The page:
A well-known uses for quantum computer is that it has broken the mathematical difficulties that underlie a lot of cryptography that is currently being used. Since Google announced it had obtained quantum supremacy, there has been an increase in online articles that forecast the death of cryptography generally, and Bitcoin specifically. The purpose in this piece is to offer an objective view of the dangers quantum computers can pose to Bitcoin.
The principal goal of this article is to address these questions
- How many Bitcoins would be stolen in the event that a large quantum computer were to become in the market?
- What can we do to minimize the possibility of Bitcoins being stolen by an attacker using quantum computers?
- Are the Bitcoin blockchain robust to quantum attacks, both today as well as in the future?
Quantum computing and cryptography
A lot of ink digital has been spilled over the issue of how quantum computers pose a serious danger to current Asymmetric cryptography. This is why we won’t discuss this in depth and only discuss the relevant aspects for analysis of this paper. Know about News Spy as you will require the information later on.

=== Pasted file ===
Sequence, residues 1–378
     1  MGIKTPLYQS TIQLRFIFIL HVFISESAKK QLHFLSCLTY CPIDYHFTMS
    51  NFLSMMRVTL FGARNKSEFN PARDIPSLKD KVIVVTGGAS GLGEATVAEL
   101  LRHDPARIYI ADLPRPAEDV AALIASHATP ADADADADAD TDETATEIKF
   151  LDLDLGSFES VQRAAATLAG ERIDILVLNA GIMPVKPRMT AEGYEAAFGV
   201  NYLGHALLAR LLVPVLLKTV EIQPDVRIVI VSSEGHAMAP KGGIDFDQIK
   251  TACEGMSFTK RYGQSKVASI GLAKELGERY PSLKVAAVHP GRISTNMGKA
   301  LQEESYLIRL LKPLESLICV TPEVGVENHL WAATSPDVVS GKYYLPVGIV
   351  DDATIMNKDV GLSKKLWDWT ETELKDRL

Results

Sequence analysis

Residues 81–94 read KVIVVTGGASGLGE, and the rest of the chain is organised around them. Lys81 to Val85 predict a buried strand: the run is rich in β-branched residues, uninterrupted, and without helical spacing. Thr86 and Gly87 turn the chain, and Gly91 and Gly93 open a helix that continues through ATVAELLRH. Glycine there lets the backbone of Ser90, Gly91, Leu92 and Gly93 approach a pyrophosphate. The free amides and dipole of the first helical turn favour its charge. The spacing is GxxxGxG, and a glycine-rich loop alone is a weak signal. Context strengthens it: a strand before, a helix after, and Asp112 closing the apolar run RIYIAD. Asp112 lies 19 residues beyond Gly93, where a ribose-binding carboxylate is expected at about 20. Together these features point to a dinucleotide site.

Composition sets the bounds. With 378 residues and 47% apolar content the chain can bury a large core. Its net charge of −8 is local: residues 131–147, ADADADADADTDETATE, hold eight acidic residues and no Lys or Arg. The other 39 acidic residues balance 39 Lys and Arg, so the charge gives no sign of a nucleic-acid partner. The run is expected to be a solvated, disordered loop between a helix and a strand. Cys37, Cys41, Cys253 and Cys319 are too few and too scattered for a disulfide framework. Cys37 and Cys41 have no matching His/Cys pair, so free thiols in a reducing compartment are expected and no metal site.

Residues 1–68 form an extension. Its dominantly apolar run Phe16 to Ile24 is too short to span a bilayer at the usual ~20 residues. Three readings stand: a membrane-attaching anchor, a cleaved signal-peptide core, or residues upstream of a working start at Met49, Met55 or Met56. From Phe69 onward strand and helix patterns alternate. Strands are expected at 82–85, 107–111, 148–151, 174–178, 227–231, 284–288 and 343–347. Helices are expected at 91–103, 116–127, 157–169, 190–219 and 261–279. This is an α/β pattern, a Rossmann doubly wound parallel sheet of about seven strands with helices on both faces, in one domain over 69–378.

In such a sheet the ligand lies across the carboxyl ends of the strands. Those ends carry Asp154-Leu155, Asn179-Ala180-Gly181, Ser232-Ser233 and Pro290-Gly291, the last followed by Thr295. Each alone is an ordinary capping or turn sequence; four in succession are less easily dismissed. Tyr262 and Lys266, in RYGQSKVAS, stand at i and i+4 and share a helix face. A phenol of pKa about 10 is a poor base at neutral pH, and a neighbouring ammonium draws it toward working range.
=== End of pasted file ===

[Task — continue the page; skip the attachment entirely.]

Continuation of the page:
In the field of asymmetric cryptography, a public-private key pair is created in a way that the two keys share an mathematical relationship between each other. Like the name implies, your private key will be held in secret, and the public one is accessible. This permits individuals to create digital signatures (using your private key) that is able to be checked by anyone with the same public key. This method is widely used in the financial sector to verify the authenticity and legitimacy of transactions.
The security of cryptography that is asymmetric is built on a mathematical concept known as”a “one-way function”. This is the reason why the public key can easily be obtained from the private one, but not in reverse. The majority of known (classical) methods to extract your private keys using the public ones will take massive amounts of time to complete this kind of computation, and therefore are not feasible. However, in 1994 mathematics professor Peter Shor published a quantum algorithm that could break the security assumption of most commonly used algorithms in cryptography that is asymmetric. It means that anyone with an adequate quantum computer could be able to create the secret key by comparing it to its public key and, thus it is possible to falsify digital signatures.